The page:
After September 11th, there were a flurry of messages on our high school list-serve. Where was Sam? Sam chimed in, he was fine, he'd stayed home from work that day. Where was Carlos? Someone else chimed in that they thought Carlos worked for Port Authority on the New Jersey side, he was presumably fine.
I walked in the door a bit late that evening and my husband told me to call Igor right away. My heart sank, I dialed and simply said, "Carlos."
Carlos worked in the World Trade Center, he died in the disaster.
It was a horrible, anxious time, all the more so after I had a face--and a family-- to place on the tragedy. Please-- no sympathy comments for me-- Carlos was remote from my day-to-day life, and so many people lost loved ones who were integral to their lives. I just wanted to say that for so long after, I thought about him everyday, and I'm thinking about Carlos again today.
Sunday, September 10, 2006
From Baltimore Suburbs to a Secret CIA Prison
Apparently one of the CIA detainees being transferred from a secret prison to Gitmo is a former local boy. He is alleged to have planned to blow up underground gasoline storage facilities and to poison water reservoirs. There are a number of reservoirs here in Charm City. Tomorrow, on the fifth anniversary of 9/11, I will be busy feeling happy to be alive and unpoisoned along with my fellow ShrinkRappers. Before today I thought the closest I'd ever come to poisoning was to cook for myself.
Saturday, September 09, 2006
You all remember Physical Education class (Phys Ed) back in school, right? I recall that it was always looked upon with great anxiety.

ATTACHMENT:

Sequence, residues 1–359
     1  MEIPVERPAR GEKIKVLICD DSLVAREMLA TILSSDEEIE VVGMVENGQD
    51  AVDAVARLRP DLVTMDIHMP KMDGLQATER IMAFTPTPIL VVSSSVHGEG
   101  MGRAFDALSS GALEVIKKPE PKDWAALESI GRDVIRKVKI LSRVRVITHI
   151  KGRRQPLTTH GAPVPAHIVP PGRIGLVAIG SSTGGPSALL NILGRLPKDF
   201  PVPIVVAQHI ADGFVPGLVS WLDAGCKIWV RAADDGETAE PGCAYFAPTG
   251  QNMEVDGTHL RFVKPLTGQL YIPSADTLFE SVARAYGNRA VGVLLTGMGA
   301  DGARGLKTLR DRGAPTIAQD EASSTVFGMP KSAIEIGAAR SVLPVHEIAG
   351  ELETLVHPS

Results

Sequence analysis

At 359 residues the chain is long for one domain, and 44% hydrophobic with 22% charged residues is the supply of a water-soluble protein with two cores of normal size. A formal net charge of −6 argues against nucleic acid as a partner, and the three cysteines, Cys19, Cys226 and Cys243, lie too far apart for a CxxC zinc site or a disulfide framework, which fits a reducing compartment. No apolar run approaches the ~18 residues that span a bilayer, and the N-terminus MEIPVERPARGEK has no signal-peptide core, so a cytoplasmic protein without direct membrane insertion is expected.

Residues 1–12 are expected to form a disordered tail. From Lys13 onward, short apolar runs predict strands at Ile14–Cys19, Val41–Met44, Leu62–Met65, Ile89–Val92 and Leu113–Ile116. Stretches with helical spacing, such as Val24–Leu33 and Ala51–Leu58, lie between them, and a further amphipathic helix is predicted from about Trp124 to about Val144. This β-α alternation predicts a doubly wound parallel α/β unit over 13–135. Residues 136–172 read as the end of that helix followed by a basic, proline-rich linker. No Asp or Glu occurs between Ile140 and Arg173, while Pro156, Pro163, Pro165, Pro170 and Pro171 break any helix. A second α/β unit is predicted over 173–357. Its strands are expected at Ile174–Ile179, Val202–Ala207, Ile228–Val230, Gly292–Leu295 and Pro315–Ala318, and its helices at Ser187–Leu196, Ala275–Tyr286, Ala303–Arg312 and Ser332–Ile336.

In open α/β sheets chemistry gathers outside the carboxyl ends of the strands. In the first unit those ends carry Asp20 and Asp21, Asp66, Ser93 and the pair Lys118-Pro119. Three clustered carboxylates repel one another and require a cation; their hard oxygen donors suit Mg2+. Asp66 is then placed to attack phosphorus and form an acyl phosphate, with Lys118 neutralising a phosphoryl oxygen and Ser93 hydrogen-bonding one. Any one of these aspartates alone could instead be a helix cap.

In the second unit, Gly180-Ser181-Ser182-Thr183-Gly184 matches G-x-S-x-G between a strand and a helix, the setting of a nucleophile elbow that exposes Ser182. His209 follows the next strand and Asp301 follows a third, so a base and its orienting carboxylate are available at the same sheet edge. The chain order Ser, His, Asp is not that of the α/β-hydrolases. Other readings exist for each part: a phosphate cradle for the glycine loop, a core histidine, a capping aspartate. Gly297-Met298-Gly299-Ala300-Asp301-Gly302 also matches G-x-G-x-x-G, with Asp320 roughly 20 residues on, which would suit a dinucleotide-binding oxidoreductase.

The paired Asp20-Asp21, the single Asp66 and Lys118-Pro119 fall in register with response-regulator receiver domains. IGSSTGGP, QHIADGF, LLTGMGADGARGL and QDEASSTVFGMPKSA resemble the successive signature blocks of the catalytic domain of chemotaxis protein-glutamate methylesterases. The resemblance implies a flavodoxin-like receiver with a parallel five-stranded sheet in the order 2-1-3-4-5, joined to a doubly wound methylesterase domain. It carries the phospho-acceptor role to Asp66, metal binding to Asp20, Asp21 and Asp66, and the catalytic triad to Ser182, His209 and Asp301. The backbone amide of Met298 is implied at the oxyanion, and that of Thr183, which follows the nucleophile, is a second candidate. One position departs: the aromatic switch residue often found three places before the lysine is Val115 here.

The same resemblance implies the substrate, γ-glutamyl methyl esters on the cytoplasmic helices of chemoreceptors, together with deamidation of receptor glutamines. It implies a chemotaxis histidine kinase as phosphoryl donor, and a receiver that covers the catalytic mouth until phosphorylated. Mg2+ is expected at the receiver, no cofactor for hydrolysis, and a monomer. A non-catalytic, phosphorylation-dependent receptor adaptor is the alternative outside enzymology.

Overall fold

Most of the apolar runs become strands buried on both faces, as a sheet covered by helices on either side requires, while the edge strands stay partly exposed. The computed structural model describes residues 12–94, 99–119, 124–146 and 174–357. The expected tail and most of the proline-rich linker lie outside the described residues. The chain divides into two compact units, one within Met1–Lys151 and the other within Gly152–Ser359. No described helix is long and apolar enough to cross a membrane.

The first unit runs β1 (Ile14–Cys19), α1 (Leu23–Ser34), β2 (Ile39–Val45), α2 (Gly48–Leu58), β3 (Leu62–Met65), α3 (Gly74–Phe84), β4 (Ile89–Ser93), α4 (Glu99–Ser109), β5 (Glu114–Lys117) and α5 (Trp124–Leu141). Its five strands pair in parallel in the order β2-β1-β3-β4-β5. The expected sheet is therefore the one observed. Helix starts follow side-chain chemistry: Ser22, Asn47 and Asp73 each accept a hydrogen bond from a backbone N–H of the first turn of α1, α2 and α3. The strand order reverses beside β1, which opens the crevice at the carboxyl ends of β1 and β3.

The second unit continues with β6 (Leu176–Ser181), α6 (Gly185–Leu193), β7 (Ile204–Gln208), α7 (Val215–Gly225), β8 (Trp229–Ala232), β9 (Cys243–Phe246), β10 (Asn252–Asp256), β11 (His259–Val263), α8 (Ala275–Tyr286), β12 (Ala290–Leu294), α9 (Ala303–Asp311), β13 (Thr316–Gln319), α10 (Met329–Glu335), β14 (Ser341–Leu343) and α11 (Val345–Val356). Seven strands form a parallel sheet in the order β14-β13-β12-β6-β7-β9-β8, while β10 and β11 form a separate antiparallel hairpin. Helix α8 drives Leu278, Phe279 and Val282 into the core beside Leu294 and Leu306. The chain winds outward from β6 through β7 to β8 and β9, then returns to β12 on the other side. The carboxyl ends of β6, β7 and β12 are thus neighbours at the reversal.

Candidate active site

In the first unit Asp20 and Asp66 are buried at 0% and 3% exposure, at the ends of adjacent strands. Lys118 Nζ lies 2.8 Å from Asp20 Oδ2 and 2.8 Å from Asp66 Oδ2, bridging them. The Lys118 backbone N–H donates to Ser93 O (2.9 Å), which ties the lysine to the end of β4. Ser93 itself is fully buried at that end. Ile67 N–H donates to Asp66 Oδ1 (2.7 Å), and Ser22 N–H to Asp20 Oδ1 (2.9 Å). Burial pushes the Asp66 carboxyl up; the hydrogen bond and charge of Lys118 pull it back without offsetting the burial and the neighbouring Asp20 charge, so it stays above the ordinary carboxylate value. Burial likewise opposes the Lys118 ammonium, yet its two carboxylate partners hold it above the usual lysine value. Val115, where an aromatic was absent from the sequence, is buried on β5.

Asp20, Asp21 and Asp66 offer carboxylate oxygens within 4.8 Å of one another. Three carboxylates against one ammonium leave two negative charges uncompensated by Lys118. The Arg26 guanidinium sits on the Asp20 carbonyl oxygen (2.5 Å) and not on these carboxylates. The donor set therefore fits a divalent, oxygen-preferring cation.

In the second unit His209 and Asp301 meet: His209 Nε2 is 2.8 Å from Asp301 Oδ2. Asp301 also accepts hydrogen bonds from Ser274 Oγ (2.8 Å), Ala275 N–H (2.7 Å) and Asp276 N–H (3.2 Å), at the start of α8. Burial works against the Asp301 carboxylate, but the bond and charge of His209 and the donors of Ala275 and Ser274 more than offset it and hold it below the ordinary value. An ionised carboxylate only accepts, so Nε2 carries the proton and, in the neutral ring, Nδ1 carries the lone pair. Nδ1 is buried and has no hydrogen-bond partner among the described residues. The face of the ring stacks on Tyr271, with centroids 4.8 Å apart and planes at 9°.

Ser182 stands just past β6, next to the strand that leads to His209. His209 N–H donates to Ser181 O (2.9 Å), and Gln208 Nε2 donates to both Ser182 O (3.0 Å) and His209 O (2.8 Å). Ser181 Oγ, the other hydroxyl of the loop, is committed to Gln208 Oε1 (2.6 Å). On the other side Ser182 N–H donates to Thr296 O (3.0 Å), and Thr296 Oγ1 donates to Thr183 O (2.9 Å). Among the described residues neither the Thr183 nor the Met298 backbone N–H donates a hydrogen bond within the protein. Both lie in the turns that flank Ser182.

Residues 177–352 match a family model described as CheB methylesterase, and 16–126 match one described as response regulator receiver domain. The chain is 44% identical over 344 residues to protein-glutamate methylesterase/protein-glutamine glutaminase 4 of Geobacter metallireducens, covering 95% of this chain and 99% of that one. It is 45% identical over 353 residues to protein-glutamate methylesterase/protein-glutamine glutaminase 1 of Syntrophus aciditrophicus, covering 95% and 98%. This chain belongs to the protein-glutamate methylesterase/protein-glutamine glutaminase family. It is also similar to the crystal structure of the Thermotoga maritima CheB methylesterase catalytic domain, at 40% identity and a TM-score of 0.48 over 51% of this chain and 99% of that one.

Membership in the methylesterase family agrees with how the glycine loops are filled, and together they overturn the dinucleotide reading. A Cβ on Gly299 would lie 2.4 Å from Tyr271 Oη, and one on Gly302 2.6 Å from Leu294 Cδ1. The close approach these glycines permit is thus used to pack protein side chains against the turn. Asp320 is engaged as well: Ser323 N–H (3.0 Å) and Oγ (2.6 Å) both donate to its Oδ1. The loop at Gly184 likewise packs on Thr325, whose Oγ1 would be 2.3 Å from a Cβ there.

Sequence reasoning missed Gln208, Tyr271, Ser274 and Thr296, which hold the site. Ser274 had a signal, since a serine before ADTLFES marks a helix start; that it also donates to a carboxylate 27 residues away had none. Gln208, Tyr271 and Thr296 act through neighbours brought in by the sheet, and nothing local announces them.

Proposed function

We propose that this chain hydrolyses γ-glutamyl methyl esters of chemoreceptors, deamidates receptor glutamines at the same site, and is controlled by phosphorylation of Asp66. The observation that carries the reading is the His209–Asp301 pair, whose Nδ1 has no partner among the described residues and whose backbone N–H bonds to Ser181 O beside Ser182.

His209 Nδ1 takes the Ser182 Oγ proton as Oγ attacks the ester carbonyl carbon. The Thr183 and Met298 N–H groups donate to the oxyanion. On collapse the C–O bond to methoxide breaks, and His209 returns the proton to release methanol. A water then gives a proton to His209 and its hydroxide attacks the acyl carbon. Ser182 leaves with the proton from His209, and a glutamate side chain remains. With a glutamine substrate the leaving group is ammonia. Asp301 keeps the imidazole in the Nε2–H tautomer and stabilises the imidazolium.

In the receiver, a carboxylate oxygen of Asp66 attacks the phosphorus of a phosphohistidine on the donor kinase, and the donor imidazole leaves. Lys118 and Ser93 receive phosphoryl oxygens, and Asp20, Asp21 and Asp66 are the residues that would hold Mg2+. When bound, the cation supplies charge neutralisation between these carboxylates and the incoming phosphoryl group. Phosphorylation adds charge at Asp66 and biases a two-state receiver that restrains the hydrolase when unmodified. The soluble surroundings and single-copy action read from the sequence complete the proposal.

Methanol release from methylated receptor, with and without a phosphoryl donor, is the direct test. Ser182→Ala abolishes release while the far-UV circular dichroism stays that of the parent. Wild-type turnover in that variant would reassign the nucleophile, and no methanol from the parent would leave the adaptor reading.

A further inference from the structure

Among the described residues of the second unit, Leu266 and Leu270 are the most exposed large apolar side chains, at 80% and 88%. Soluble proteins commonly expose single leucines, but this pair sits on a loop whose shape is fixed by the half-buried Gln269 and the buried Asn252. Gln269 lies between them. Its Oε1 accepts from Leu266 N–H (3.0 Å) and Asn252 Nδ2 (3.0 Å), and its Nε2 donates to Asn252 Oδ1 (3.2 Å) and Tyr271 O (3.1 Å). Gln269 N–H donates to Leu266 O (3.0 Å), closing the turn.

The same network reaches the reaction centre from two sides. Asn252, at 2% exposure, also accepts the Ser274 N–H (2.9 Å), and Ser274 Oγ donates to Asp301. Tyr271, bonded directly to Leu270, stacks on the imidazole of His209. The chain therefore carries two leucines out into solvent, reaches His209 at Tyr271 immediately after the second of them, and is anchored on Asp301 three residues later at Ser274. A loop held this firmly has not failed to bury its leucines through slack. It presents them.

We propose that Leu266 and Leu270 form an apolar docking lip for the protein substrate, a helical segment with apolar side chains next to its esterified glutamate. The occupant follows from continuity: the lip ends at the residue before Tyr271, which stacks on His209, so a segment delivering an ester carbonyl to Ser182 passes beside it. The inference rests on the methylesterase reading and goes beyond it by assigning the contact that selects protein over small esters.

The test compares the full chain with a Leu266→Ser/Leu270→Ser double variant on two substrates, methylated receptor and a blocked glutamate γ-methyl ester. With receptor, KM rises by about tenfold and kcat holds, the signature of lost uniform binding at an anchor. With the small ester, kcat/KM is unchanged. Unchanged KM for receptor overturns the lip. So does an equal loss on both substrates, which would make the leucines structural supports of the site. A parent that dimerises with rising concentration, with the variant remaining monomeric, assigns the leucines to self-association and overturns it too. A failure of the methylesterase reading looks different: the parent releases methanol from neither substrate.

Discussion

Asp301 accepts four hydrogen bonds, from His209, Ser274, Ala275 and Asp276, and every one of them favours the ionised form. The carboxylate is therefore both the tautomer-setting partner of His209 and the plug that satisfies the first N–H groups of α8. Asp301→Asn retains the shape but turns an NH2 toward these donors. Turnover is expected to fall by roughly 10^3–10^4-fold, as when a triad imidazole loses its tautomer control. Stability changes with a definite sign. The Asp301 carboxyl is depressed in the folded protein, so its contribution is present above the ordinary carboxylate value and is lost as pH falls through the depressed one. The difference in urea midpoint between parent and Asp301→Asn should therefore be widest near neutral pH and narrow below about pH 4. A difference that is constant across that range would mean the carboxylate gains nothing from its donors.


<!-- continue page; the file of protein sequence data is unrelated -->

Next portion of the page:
I see they now have a drug that helps with P.E. It's about time.
I think it was the performance anxiety... where you truly measured up next to the guy (or girl, I guess... wife tells me it was the same for her) next to you to compete on strength and endurance. Who can go farther, further? Who went the longest? Could I hold out 'til the end?
It wasn't easy. Your coach, with stopwatch in hand, would yell "Go!". You'd start the race, and before you knew it, it was all over. Those days in the gym were the worst hours of high school. It was so embarrassing. The apologies. The disappointment. And I know I wasn't alone. In fact, the article says that up to a third of men had this problem.
Globe&Mail: “We tend to think of this as, ‘Oh, it affects novices, the first time, and young people,' ” Dr. Pryor said Thursday from Minneapolis. “But no. There are some people who have this who are older, and oftentimes it affects them their entire lives.”
I hadn't thought that P.E. had such a prolonged effect on folks. I guess there's a kind of P.E. P.T.S.D. And this medicine helps. This drug, dapoxetine by ALZA, helped guys' stamina "last three, four times what they were before."
Just think of how that can relieve the anxiety of whether you can hold out long enough to go the distance. In football, you'd be able to finally score a touchdown. In baseball, you'd be able to steal third base and slide into home. Playing golf, you'd finally master your stroke and get a hole in one. In basketball, this drug would help you shoot the furthest. And surely, in cricket, you could manage the most sticky wicket.
Of course, we do have to temper our enthusiasm until further studies demonstrate the effectiveness of dapoxetine. Too often, the press goes off half-cocked about the latest fad drug. Let's not be too premature. However, I've already bought stock in ALZA, because when the FDA ...
...um... what's that?
Oh. Well, that's very different.
Friday, September 08, 2006
"You didn't need to calm her. She's an emergency room nurse. She's used to dealing with crisis."